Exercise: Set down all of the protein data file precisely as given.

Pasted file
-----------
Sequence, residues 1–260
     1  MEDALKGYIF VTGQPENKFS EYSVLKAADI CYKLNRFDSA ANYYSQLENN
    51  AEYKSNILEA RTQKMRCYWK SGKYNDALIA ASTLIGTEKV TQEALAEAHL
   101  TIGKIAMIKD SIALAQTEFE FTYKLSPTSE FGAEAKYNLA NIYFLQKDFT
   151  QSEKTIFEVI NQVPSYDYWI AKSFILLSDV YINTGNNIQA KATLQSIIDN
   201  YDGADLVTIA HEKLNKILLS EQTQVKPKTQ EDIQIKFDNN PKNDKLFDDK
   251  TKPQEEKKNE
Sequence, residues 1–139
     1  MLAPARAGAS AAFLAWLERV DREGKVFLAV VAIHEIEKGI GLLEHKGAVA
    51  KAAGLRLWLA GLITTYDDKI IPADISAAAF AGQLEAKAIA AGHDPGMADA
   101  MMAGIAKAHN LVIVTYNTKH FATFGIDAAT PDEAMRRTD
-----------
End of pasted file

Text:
Sequence, residues 1–260
     1  MEDALKGYIF VTGQPENKFS EYSVLKAADI CYKLNRFDSA ANYYSQLENN
    51  AEYKSNILEA RTQKMRCYWK SGKYNDALIA ASTLIGTEKV TQEALAEAHL
   101  TIGKIAMIKD SIALAQTEFE FTYKLSPTSE FGAEAKYNLA NIYFLQKDFT
   151  QSEKTIFEVI NQVPSYDYWI AKSFILLSDV YINTGNNIQA KATLQSIIDN
   201  YDGADLVTIA HEKLNKILLS EQTQVKPKTQ EDIQIKFDNN PKNDKLFDDK
   251  TKPQEEKKNE
Sequence, residues 1–139
     1  MLAPARAGAS AAFLAWLERV DREGKVFLAV VAIHEIEKGI GLLEHKGAVA
    51  KAAGLRLWLA GLITTYDDKI IPADISAAAF AGQLEAKAIA AGHDPGMADA
   101  MMAGIAKAHN LVIVTYNTKH FATFGIDAAT PDEAMRRTD